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Friday, July 04, 2008

Schmuck Friday

Times have not been good for the Great Australian Schmuck. While recent years have seen a resurgence in the numbers of the Putz, the Nebbish, and the Spotted Whooping Noodle of Canberra, the numbers of the much-loved Australian Schmuck have continued to dwindle. While environmentalists are not certain what has caused the population of the Schmuck to continue to fall, there seem to be a number of causes at work. For one thing, the typical habitation of the Schmuck - the university, the public service, or the media - have seen a lift in educational and cultural standards lately, which of course has had a negative effect for numbers of the Schmuck. Although successive Governments continue to do what they can to assist the Schmuck to flourish in ever greater numbers by mismanaging public and private education, and cutting money to valuable educational resources, the Schmuck continues to decline.

It is heartening, then, to know that at least one species of the Great Australian Schmuck has adapted to the modern environment with ease, which may make it easier for future generations of the Schmuck to make a comeback. We are talking, of course, of the Speckled Southern Schmuck, commonly known as the Hugh Mackay.




The Great Australian Schmuck in its natural habitat.



Whether it's through the authoring of dubious opinion columns, the writing of questionable books, or the participation in various media fora, the productions of the Hugh Mackay are many and varied. Ecologists and naturalists have marvelled at mating season when in sight of the Hugh Mackay ruffling its marvellous plumage.

Aside from being an inspiration to Schmucks everywhere, the Hugh Mackay has adopted, as a particular survival strategy, a claim to absolute and Godlike insight into the thought processes of Australian Schmucks all over the country. Observe here this Schmuck's marvellous deployment of an all-inclusive pronoun to describe other Australians:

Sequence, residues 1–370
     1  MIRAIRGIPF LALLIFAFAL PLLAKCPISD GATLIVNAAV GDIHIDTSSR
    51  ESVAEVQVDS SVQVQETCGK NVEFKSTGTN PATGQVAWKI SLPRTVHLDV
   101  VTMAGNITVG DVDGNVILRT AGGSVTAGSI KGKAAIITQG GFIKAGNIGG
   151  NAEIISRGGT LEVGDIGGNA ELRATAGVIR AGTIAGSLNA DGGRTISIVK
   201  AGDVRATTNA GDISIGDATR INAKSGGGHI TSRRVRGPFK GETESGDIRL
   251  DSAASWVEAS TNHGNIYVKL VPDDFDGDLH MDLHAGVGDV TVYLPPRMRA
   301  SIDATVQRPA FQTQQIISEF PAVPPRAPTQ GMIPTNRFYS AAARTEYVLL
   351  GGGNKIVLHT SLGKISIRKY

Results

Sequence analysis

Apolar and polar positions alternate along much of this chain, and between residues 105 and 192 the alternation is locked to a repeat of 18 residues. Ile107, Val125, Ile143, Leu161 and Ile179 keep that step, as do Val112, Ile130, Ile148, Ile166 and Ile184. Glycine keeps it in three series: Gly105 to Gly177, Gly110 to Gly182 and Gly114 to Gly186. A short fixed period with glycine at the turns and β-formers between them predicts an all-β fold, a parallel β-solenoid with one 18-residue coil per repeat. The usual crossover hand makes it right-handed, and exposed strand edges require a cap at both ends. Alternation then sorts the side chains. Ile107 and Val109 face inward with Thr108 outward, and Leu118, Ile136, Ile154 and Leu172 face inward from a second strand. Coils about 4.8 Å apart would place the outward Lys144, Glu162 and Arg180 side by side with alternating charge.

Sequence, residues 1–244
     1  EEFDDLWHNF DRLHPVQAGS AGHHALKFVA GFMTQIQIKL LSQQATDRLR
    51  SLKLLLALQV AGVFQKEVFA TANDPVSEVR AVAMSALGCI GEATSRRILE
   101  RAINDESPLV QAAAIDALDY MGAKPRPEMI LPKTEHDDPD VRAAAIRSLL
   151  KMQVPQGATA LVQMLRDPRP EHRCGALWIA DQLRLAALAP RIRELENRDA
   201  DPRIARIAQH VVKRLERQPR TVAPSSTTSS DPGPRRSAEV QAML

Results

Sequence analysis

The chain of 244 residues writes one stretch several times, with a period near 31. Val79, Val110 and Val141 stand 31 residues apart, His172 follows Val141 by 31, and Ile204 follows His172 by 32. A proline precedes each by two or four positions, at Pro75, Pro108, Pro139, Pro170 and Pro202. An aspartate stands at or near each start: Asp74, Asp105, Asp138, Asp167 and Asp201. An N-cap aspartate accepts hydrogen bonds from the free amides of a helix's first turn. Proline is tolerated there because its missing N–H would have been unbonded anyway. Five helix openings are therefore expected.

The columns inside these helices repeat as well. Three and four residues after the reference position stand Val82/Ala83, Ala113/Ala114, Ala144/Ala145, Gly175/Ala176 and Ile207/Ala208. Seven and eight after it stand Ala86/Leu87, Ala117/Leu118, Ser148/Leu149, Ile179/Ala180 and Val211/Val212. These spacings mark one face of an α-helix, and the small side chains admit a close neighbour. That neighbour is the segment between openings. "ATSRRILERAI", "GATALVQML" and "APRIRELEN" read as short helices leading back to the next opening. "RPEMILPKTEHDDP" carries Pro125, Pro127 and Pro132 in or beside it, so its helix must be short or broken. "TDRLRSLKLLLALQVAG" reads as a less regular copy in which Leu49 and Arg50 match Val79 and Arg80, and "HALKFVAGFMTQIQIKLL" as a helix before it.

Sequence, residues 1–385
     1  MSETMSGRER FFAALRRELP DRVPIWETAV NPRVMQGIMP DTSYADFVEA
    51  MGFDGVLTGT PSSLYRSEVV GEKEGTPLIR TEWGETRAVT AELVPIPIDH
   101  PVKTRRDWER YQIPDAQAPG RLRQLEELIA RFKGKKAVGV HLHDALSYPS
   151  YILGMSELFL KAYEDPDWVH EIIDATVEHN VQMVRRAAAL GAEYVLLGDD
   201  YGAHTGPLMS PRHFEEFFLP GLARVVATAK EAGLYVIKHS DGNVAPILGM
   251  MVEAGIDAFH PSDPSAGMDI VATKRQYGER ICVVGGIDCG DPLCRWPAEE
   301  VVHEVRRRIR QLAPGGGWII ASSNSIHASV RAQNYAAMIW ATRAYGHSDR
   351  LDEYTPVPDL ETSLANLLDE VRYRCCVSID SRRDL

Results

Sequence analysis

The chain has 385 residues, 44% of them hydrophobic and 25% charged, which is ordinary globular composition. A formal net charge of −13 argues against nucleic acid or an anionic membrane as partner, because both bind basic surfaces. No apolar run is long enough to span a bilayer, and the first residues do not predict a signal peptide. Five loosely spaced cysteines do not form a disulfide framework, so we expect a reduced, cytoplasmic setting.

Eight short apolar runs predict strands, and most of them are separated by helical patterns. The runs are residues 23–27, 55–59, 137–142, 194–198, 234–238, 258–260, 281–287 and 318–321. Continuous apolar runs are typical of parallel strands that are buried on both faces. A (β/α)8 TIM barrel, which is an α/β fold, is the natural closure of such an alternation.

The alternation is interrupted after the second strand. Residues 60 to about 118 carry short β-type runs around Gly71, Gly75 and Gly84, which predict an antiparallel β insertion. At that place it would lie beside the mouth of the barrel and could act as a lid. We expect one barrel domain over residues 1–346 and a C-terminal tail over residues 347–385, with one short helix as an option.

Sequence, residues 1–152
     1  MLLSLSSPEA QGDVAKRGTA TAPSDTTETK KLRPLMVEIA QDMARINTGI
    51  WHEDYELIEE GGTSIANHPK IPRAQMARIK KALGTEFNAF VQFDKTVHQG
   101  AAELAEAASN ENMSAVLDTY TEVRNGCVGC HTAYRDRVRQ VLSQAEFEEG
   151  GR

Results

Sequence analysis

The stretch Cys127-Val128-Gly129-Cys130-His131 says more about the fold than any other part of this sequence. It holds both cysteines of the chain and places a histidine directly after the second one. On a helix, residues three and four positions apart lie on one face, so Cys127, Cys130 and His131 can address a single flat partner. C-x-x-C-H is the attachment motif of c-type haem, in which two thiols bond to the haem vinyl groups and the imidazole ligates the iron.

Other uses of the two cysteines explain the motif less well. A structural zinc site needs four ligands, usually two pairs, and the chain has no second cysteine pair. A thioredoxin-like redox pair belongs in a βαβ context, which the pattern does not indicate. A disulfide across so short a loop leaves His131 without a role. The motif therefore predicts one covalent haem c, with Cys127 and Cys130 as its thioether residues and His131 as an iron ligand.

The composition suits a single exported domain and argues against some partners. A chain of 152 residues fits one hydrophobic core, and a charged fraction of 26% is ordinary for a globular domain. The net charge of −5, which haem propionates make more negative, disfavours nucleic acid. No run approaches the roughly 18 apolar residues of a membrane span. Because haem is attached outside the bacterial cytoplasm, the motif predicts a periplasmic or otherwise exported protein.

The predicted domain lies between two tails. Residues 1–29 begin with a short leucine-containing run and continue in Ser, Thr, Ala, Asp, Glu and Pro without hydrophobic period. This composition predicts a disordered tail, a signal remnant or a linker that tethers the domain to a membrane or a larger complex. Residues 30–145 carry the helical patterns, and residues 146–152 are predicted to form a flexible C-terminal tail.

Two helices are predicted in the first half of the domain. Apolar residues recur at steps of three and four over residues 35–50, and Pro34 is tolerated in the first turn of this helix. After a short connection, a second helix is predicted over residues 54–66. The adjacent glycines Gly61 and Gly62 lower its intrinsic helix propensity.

THE election was one of those remarkable elections where people felt they were not just getting a new government but a new order. They thought this was a Government that was going to, if not perform miracles, then at least do something dramatic to the spirit of the nation.

Or in some previous examples:

How we're feeling about John Howard is therefore a far more pressing issue than how we're feeling about Rudd.

Again:

He reinforces our materialism. By conflating politics with economics and by placing emphasis on material prosperity, Howard has encouraged the idea that money is the key to happiness, that share-ownership is a symbol of success and that the rich should be praised and rewarded for being rich.

That, in turn, reinforces our moral laxity, partly because that's the usual result of an over-emphasis on material values. Howard's unwavering commitment to the strategy of "toughing it out" also encourages, by example, our thoroughly human tendency to be self-serving and, when it suits our purposes, dishonest.

If the resilience and survival instinct of the Hugh Mackay species of Schmuck is anything to go by, the future for the Great Australian Schmuck looks bright indeed.

UPDATE! - Does anyone else have inspiring stories about encounters with the many noble species of Schmuck?

5 comments:

Mild Colonial Boy, Esq. said...
This comment has been removed by the author.
Kathy Farrelly said...

Ah, what would Hugh know?
He's just another dumb schmuck after all..

TimT said...

I wish the schmuck luck, I guess!

Caz said...

Whoo hoo!

You've finally succumbed to theme Friday!

We get all bloggers in the end, picking them off, one at a time.

Brilliant theme, one would expect no less.

At first I thought it a theme difficult to sustain, but, do'h, "schmucks", ha, the world is full of 'em. No end of material.

Nice work Timmy.

TimT said...

It probably won't become a regular one though! The world's not lacking for schmucks, though I needed just the one. I wanted to make a reference to the very fine A Briefs tradition of 'Duck Friday'.

Email: timhtrain - at - yahoo.com.au

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